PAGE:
Every year, the UK Government’s Department for Digital, Culture, Media & Sport commissions a Cyber Security Breaches Survey as part of the National Cyber Security Programme.
The survey focuses on private sector organisations and charities of all sizes and looks at the breaches and attacks which have taken place within these UK organisations over the previous 12 months.
In this article, we’ll cover key findings from Cyber Security Breaches Survey 2019 research and look at the issues which will need to be addressed throughout the remainder of 2019 and beyond.
Percentage of organisations that faced attacks or experienced breaches
Overall, 32% of UK businesses and 22% of charities faced cyber-attacks or suffered security breaches last year.
When broken down by the size of the organisation, the percentages of organisations facing attacks or breaches are particularly interesting:
- 61% of large firms (250 + employees)
- 60% of medium sized businesses (50-249 employees)
- 31 % for Micro and small businesses (less than 50 employees)
- 52% of charities experienced attacks or breaches where their income exceeded £500K
- 32% of charities with incomes between £100-500K
- 19% of charities with income of under £100K
As you can see, while a huge number of smaller businesses and charities are being attacked and experiencing breaches, a staggering number of larger organisations are reporting these events.
Why has the number of reported attacks and breaches by businesses dropped from previous years?
It is unclear why there has been a fall in the number of businesses reporting breaches and attacks. The 2017 survey found 46% of businesses to have experienced attacks or breaches, while this number dropped slightly to 43% in 2018 and then to 32% in this year’s 2019 survey.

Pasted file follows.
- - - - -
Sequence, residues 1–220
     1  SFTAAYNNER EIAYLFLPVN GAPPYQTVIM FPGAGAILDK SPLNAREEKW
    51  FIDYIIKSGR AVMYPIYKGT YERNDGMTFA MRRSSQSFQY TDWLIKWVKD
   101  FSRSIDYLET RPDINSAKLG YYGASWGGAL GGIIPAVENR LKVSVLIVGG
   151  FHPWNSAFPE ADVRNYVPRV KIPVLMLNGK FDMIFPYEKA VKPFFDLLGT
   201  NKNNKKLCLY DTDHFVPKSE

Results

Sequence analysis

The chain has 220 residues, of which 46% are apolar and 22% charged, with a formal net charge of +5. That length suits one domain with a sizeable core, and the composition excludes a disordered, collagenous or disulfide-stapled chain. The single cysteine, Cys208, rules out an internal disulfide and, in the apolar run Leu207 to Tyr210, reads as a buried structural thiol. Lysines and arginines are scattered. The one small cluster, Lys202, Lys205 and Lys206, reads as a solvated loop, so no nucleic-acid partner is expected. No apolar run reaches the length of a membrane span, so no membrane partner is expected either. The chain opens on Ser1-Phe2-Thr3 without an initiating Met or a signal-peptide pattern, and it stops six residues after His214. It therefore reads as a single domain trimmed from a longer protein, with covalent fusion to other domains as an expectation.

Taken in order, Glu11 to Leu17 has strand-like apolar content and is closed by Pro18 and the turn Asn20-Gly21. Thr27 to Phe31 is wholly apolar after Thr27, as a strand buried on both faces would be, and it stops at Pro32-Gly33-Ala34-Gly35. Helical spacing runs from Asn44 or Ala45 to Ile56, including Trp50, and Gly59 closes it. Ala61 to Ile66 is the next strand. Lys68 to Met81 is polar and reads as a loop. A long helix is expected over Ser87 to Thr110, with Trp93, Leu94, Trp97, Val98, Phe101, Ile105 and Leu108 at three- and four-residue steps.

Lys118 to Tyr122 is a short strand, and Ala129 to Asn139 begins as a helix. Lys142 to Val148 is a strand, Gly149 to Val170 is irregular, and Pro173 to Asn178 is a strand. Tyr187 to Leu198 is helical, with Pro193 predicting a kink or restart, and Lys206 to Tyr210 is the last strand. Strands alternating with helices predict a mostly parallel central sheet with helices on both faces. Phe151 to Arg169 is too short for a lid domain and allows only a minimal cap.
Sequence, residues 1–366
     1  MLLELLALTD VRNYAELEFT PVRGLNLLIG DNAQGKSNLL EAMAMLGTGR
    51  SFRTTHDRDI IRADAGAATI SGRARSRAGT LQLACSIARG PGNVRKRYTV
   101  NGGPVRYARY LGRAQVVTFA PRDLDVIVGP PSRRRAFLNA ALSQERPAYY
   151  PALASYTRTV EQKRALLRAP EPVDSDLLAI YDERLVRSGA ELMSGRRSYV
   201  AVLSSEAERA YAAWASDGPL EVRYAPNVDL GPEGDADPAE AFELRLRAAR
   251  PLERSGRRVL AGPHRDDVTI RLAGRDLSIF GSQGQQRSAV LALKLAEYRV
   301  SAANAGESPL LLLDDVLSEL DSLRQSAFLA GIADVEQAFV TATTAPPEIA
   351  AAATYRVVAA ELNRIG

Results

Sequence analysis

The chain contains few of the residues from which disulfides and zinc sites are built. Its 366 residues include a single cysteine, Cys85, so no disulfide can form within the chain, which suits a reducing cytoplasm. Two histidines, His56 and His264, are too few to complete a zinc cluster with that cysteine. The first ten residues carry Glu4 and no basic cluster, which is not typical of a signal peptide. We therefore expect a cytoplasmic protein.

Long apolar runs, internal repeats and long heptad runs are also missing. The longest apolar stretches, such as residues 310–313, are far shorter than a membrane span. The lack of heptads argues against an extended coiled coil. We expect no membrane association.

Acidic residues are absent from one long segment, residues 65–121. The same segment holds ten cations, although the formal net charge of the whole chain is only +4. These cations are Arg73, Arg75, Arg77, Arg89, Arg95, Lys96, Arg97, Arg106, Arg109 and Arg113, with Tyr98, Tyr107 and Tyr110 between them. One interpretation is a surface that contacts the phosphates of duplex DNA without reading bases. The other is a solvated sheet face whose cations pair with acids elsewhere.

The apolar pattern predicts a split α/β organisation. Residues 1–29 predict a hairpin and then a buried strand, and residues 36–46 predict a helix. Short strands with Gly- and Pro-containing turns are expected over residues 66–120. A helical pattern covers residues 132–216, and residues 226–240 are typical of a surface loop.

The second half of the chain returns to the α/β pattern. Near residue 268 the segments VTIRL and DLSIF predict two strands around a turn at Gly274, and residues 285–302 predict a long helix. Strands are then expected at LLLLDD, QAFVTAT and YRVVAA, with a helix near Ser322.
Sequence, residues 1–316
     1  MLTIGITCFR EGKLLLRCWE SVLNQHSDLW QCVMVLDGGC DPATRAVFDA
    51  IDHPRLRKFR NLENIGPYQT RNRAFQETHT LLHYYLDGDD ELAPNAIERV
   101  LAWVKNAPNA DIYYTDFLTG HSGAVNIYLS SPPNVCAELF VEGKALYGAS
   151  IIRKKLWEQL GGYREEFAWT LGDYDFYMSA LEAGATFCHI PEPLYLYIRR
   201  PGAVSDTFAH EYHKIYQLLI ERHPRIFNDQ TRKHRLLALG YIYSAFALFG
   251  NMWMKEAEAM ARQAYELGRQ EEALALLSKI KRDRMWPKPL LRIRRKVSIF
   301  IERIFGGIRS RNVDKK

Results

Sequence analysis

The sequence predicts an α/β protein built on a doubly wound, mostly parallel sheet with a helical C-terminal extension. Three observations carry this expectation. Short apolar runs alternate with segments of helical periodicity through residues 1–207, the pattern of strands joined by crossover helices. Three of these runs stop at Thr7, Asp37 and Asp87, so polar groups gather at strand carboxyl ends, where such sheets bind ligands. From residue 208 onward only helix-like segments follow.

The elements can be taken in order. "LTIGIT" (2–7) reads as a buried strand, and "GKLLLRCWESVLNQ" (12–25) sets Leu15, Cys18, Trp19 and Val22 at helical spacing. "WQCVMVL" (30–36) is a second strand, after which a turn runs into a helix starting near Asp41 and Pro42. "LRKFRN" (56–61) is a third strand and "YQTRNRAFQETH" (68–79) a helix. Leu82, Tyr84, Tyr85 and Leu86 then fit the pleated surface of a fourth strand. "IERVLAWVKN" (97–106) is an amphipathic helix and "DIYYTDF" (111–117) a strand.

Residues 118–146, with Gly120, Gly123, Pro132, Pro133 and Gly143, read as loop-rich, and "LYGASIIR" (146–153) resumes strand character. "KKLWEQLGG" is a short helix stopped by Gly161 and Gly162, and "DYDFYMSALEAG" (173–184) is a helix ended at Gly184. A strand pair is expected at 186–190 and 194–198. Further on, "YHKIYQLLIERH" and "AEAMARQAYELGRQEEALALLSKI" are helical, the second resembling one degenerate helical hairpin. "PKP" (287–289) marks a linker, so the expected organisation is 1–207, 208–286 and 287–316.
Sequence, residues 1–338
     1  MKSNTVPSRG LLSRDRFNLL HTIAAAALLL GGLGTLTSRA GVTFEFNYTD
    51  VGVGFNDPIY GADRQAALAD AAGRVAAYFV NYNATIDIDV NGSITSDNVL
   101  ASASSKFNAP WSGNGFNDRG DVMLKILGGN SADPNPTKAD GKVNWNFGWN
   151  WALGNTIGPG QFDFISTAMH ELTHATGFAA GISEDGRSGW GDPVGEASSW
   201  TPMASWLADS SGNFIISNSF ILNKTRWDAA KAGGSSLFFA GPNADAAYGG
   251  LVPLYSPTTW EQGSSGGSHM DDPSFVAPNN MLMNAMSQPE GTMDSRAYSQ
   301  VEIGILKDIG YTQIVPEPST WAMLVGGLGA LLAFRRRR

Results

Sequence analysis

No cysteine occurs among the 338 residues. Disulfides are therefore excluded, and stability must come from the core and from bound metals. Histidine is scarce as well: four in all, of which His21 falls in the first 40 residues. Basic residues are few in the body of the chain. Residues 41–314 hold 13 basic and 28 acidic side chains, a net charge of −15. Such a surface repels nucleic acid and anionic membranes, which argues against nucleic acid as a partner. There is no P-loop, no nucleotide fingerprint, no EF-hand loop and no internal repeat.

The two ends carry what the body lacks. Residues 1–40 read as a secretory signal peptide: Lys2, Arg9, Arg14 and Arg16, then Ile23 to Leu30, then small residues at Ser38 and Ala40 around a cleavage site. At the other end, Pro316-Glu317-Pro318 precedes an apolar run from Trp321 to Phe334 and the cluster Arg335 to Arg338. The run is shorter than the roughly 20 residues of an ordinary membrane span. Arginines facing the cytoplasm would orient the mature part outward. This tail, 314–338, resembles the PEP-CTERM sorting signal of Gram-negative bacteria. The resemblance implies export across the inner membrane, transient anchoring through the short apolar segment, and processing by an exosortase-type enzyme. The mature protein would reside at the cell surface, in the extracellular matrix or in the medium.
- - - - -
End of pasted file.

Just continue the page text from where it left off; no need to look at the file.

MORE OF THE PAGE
Some hypotheses were put forward following the survey, such as:
- Businesses have increased their cyber security postures, thus leading to less breaches. However, the data shows that the drop has occurred for both companies that have no formal cyber security rules, controls and processes; and those that do. The data does note that that the drop wasn’t quite as pronounced as the companies that did have these measures in place. However, the data was inconclusive for this.
- A change in attack behaviours may have taken place, with attackers focussing on a more targeted set or organisations (the median number of attacks increased for those organisations that reported one or more attacks). Another reason might be that attackers are simply using measures more difficult to detect.
- GDPR penalties and a legal requirement to report breaches to the Information Commissioner’s Office (ICO) may have discouraged some survey respondents from answering honestly to the survey—not wishing to disclose this sensitive information, possibly out of fear of penalty. Or, some organisations are now framing cyber security purely in the context of data protection as a result of last year’s focus on GDPR.
Although the number of organisations reporting breaches dropped since last year, the median number of attacks-faced has dramatically increased for those organisations that have reported breaches. This increased from two attacks in 2017 to six attacks in 2019. This means that targeted organisations are commonly having to deal with more attacks.
What are the most common types of attacks?
The figure below shows the types of attacks which were reported by affected organisations in the survey.
Unsurprisingly, the Government survey found the most common attacks on organisations are those methods designed to exploit human error i.e. fraudulent emails, directing users to fraudulent websites and impersonating others. While cyber security solutions can greatly help prevent these threats reaching the email inbox of employees, they will still get through on occasions and human error is typically an organisation’s weakest link—something which attackers know all too well.